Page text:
Last Tuesday, Seattle Public Schools (SPS) proposed a new method for student enrollment: assigning students to schools based on their addresses. SPS plans to phase in its new method over the next several years starting next fall.
Under the current system, there are no fixed boundaries. Parents and students are able to apply to any school in the district. Spots are not guaranteed. SPS hopes the new system will be greener, saving on gas costs for buses. It also says that the new system would take much of the uncertainty out of the existing process, which can be confusing.
There are a few worries about the plan. Parents wonder where the boundaries will be drawn and whether one child enrolled in school before the plan will have to attend a different school from a sibling that enrolled after the plan. In addition, the quality of education varies across the city. It has also been stated that racial diversity is not among the top goals of this plan. Officials have said that diversity is still important — but it’s not one of the preeminent goals.
In the late 1970s, SPS utilized forced busing in order to racially integrate schools. According to the Seattle Times, the district can’t base school assignments on race anymore, as the U.S. Supreme Court ruled it unconstitutional in 2007. Since the end of forced busing, Seattle schools have re-segregated, stated the Seattle Times.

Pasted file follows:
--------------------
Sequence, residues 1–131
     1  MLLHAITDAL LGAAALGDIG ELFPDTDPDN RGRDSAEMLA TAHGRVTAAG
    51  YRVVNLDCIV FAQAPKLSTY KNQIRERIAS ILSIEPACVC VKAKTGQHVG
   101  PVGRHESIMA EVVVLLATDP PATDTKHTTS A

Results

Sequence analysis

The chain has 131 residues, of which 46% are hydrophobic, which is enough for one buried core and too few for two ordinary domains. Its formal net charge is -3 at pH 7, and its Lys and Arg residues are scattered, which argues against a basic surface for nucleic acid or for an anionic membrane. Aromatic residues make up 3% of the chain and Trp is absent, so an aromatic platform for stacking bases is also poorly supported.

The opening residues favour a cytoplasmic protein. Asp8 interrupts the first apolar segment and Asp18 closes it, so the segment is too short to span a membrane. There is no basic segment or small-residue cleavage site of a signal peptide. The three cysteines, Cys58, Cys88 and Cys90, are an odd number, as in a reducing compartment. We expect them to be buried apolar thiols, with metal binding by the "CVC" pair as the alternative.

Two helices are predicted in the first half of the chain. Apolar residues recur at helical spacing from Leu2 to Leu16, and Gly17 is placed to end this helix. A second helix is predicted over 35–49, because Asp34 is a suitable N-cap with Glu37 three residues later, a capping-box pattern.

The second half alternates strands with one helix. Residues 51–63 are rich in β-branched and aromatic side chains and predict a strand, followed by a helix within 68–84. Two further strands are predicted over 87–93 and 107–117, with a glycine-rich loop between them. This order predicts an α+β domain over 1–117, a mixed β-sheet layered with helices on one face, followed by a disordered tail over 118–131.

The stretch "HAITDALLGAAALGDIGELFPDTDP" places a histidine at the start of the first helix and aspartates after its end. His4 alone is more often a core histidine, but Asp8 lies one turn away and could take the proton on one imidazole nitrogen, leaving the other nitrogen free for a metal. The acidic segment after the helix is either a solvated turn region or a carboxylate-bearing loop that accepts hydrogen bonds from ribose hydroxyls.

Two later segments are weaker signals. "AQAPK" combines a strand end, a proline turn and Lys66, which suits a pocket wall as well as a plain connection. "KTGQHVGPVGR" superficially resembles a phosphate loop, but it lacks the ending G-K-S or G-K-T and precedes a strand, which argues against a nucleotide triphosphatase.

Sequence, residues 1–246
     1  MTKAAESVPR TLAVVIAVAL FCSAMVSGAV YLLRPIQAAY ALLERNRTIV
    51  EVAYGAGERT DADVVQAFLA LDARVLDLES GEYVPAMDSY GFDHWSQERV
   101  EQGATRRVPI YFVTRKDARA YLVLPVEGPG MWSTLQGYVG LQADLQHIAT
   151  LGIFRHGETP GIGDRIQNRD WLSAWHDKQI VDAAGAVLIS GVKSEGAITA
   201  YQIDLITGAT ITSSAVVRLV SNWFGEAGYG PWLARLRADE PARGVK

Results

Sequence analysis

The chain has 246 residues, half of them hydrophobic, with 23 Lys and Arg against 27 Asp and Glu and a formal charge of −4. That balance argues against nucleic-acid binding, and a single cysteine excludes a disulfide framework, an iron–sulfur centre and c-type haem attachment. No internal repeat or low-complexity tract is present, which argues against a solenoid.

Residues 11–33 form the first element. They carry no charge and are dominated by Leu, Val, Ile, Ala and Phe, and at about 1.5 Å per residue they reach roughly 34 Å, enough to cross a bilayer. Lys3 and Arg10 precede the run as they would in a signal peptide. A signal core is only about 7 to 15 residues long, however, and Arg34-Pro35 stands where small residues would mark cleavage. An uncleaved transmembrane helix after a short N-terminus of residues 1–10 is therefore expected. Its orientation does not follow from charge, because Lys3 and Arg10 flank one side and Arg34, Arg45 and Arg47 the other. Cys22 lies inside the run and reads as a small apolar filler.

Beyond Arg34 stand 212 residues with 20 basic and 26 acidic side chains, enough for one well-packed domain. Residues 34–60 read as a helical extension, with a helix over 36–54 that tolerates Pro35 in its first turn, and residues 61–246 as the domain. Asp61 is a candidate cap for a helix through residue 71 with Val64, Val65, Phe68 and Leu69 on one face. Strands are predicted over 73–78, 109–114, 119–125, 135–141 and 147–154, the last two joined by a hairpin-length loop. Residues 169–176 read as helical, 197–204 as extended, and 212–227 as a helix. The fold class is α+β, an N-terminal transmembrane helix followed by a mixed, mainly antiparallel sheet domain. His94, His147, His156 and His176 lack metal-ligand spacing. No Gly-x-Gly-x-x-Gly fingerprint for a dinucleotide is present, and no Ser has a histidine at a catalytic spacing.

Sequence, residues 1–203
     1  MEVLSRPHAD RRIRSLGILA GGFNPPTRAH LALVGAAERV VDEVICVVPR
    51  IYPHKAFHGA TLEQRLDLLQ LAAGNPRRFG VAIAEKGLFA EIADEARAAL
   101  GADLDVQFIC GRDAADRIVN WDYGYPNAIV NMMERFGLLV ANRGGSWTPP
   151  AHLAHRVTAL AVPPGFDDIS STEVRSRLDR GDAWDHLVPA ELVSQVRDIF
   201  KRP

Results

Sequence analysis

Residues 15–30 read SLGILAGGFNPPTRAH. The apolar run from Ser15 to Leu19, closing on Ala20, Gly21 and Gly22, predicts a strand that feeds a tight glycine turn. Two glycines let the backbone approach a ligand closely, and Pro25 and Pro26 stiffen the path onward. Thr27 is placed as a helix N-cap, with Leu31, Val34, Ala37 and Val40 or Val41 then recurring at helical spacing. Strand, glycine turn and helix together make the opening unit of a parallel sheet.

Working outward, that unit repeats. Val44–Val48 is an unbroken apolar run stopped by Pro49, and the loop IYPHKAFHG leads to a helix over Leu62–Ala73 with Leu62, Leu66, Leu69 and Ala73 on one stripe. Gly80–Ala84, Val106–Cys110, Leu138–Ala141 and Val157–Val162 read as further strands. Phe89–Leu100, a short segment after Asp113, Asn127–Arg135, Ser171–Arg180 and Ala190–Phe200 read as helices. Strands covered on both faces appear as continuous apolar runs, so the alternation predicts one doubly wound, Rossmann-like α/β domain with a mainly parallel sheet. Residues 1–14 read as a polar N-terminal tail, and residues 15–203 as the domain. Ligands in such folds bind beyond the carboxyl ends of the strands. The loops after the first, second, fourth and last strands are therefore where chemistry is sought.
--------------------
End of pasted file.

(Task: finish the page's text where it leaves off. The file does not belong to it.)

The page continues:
We think this new system is a step in the right direction because SPS is making efforts toward equalizing the quality of education across the district, something it has faltered on for years. Though it’s a little disheartening to read that racial diversity is not a priority of the new system, we see this as an opportunity for parents to take a more hands-on approach to their child’s schooling. On the Seattle Time’s comment board, a Seattle parent confessed that though there was the presence of diversity at his child’s elementary school, racial and income groups tended to flock together. There was no intermingling.
This shows that diversity isn’t just about fulfilling a quota. It starts at home, with parents teaching their children the importance of learning about and accepting different kinds of people. If parents don’t teach this, then their kids will continue to segregate. It is unfair of us to blame the schools for not making diversity a priority when we don’t.
If children attend schools that are in their neighborhood, where their classmates are also their neighbors, there’s a greater chance for community-building. Building more tight-knit social groups based on location may actually promote greater acceptance of diversity, especially since Seattle schools are significantly made up of people of color.
Furthermore, putting children in schools closer to their homes means there will be less time commuting on buses and possibly more time for parents and children to spend together. ♦